I happen to agree with what you wrote about the Assange poll, especially the second question which is a textbook case of how to produce manipulated polls. In the USA leaking IS a criminal matter so it'd not be surprising if a lot of people wrongly believed Assange had actually broken the law, meaning they couldn't reasonably answer "not a criminal matter". But you shouldn't segue from talking about opinion polls conducted by newspapers to "polls" conducted by some girl on a beachfront for laughs.

Comment Re:Isn't this done already? (Score 4, Interesting) 247

Usurper? Seriously? Firstly, Android is by many people's definitions more free than regular desktop Linux because it's licensed under a more permissive license.

Secondly, Android is actually a "desktop" Linux done right, by people who know what they're doing. As a disclaimer, I worked on desktop Linux related projects for years, about a decade ago. I wrote patches for GNOME, for ALSA, for Wine, and I also built an entire packaging and installer framework that tried to abstract out the differences between distributions so people could distribute their own applications without getting stuck into the swamp of distributor packaging (which was and always will be a shit idea). Many other things that I've forgotten about.

It was all a waste of time. Fundamentally, desktop Linux was not designed or built, it evolved organically. Any attempt to bring people together who might have some skill in OS design resulted in endless stupid flamewars and politics (does anyone remember the ridiculous KDE vs freedesktop wars?). The moment the community needed to move beyond the design laid out by the original creators of UNIX it all fell apart and became a mess.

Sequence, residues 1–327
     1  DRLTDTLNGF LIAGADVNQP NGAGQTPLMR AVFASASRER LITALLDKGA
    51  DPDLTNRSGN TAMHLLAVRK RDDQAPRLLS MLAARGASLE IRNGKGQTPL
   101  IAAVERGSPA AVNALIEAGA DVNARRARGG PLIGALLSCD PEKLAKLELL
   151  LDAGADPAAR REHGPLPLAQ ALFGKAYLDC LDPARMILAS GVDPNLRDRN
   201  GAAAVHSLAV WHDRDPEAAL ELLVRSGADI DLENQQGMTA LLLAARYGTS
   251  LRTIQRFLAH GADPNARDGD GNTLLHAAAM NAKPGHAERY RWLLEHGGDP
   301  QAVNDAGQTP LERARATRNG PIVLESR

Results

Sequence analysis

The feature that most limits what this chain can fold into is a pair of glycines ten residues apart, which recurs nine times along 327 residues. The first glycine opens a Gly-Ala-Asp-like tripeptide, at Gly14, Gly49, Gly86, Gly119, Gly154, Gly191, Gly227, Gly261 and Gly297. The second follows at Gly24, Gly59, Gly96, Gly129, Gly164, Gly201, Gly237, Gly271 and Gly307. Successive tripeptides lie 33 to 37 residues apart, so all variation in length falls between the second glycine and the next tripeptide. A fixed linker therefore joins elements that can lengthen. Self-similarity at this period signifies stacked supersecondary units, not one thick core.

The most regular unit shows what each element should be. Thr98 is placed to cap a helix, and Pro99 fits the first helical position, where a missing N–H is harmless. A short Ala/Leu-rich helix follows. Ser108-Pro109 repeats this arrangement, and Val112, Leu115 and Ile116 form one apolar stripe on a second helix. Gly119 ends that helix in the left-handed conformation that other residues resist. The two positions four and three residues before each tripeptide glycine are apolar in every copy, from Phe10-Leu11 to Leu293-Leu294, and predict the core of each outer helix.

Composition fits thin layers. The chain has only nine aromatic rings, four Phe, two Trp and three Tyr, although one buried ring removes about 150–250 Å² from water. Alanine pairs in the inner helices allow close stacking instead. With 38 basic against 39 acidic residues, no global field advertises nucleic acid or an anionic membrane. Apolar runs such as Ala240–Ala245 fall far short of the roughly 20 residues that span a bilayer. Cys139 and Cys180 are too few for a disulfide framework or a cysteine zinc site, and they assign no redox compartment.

Android is the best of all worlds - it's Free as in Freedom, it's managed centrally by a highly experienced team of computer scientists and OS designers (some of whom came from working on BeOS), the basic design decisions in it are correct - there's no crap whereby every phone manufacturer has to package every end user application. Heck you can see how popular with users it is just to have them distributing the core OS, you can imagine the disaster zone that'd occur if they used the Debian model. There's one audio API, that works. There's one graphics API, that works. It's standardised on one reasonably modern language, which works. No "we have to rewrite this from C++ into C for political reasons" garbage there.

Frankly it's a breath of fresh air and if it eventually wipes out traditional desktop Linux distros, you won't see me shed a tear despite all the work I did.

Comment Re:Since when (Score 1) 295

In fairness, aren't these the guys who were warning about the secret interpretations for years? Not all politicians are cut from the same cloth. The problem here is that they knew the NSA was lying but knew if they blew the whistle (which is their fucking job, being representatives of the people) then they'd go to the slammer. A simple solution would seem to be to pass a law saying that any classified information can be revealed by elected representatives at any time, and doing so automatically declassifies it with no penalty.